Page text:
Reporters Without Borders

After four years, two men get life sentences for Chauncey Bailey's murder

After four years, two men get life sentences for Chauncey Bailey’s murder

Published on Monday 29 August 2011.
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A court in Oakland, California, has sentenced two men to life imprisonment without parole for the August 2007 murder of Oakland Post editor Chauncey Bailey but it took much too long to render justice in this case.

The sentences were passed on 26 August on Yusuf Bey IV, the former head of the Oakland-based Your Black Muslim Bakery, and an associate, Antoine Mackey, after a jury previously convicted Bey of ordering a third man to carry out the murder, and Mackey of acting as his accomplice.

As the journalists of the Chauncey Bailey Project reported, the testimony of the third man, Devaughndre Broussard, was decisive in the case against Bey and Mackey. Broussard received a 25-year sentence as a part of a plea bargain.

“He was a journalist in his heart,” the Chauncey Bailey Project quoted Bailey’s former wife, Robin Hardin-Bailey, as saying. Addressing Bey and Mackey, she said: “I forgive you because the Chauncey Bailey who I know, the Chauncey Bailey who came here to right the wrongs, to the tell the story of people who had no voice, I believe that he would forgive you, too.”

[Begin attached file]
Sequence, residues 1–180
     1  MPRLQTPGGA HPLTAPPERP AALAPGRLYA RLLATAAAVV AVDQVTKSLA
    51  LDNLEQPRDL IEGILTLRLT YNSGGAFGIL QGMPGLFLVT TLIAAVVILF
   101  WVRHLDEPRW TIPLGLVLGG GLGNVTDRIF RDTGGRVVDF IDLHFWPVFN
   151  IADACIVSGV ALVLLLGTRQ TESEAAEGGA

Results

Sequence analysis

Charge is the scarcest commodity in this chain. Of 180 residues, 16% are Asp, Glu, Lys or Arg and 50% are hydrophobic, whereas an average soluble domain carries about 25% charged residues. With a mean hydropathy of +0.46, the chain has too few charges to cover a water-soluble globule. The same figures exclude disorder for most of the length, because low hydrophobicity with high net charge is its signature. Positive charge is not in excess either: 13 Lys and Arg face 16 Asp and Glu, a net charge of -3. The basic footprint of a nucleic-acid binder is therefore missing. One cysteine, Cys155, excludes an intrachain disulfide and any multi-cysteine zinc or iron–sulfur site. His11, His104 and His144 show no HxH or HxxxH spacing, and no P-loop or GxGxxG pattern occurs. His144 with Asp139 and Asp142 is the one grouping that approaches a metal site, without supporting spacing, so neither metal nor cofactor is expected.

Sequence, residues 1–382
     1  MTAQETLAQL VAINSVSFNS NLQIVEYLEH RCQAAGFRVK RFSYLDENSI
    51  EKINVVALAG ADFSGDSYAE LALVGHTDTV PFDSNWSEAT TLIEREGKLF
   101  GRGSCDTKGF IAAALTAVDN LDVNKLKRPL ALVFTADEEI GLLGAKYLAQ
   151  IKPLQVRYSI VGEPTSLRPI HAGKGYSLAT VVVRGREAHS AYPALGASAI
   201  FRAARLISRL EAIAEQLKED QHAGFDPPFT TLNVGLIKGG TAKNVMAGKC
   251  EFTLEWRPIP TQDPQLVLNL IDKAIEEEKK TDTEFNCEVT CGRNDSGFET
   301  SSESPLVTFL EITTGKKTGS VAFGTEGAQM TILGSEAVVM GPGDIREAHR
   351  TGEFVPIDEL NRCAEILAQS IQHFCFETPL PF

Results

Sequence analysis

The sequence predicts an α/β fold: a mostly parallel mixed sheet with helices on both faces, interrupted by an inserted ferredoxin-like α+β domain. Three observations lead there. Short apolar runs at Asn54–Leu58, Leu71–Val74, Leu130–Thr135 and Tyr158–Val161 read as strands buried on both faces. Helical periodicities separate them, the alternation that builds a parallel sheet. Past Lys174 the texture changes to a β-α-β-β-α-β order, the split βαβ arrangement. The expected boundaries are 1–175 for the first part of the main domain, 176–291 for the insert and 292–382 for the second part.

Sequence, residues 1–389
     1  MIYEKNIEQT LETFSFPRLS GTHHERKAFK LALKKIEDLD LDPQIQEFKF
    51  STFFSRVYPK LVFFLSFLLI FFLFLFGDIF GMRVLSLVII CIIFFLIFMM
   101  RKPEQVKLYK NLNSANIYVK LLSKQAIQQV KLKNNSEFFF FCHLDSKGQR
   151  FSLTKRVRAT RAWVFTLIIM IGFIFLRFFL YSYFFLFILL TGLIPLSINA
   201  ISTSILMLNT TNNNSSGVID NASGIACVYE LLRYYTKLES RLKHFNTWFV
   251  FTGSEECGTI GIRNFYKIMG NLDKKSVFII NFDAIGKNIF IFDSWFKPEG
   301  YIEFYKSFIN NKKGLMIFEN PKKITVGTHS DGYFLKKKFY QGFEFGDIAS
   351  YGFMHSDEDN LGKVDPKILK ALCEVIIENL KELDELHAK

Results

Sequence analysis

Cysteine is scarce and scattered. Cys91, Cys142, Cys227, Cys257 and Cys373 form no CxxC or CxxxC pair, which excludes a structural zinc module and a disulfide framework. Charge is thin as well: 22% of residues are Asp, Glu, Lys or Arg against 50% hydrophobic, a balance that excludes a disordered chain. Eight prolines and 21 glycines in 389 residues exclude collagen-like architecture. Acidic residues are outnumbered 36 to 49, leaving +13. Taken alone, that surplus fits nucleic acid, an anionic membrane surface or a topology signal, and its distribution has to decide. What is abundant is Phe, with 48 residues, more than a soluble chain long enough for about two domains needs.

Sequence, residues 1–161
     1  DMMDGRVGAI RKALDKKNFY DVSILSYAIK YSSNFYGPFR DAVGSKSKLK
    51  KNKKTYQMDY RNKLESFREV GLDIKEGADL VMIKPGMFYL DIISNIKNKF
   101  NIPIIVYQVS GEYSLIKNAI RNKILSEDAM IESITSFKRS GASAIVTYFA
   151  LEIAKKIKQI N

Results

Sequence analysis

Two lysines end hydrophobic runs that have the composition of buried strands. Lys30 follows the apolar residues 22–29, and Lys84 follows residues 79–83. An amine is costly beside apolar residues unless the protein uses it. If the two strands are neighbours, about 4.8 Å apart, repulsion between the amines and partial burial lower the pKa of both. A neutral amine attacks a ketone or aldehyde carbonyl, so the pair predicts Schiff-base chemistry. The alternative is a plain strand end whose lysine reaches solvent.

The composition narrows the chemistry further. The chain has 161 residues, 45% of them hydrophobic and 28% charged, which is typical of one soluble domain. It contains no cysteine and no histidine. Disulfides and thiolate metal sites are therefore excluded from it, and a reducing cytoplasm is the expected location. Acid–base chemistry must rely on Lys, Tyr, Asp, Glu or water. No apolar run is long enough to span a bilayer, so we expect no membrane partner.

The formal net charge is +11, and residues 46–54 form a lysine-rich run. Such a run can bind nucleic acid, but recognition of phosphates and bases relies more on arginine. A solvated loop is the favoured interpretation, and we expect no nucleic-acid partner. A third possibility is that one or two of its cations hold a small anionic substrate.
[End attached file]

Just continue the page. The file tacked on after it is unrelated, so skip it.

Bey, who was also convicted of two other murders, insisted in a statement that he was innocent and claimed that the case against him was political. Mackey did not comment on the sentence.

Bailey was gunned down on an Oakland street on 2 August 2007 while investigating irregularities in Bey’s Your Black Muslim Bakery network. Broussard, who confessed to shooting Bailey, testified that Mackey got him do it at Bey’s request.

“It took a bit more than four years for the truth about this murder to be established in court, a period longer than what is reasonable although the US constitution guarantees justice within a reasonable period,” Reporters Without Borders said. “Bailey paid with his life for doing his job as a journalist. We pay tribute to his memory, and to the dignity of his relatives.

“This verdict will unfortunately not erase the many attempts to obstruct justice that occurred throughout this case, including the obstuction by the Oakland Police Department at the start of the investigation. In this regard, justice has not yet been rendered.”

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